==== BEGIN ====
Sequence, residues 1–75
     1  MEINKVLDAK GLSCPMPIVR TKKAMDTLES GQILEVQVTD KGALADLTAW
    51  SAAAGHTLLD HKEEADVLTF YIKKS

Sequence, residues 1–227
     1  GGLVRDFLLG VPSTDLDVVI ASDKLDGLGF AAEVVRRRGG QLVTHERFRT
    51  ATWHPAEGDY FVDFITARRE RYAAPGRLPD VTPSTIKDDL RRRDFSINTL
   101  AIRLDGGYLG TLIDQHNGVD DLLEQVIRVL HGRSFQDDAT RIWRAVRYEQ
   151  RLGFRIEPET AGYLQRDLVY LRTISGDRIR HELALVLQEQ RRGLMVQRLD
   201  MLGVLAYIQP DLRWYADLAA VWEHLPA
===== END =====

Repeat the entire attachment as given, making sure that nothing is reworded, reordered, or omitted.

Sequence, residues 1–75
     1  MEINKVLDAK GLSCPMPIVR TKKAMDTLES GQILEVQVTD KGALADLTAW
    51  SAAAGHTLLD HKEEADVLTF YIKKS

Sequence, residues 1–227
     1  GGLVRDFLLG VPSTDLDVVI ASDKLDGLGF AAEVVRRRGG QLVTHERFRT
    51  ATWHPAEGDY FVDFITARRE RYAAPGRLPD VTPSTIKDDL RRRDFSINTL
   101  AIRLDGGYLG TLIDQHNGVD DLLEQVIRVL HGRSFQDDAT RIWRAVRYEQ
   151  RLGFRIEPET AGYLQRDLVY LRTISGDRIR HELALVLQEQ RRGLMVQRLD
   201  MLGVLAYIQP DLRWYADLAA VWEHLPA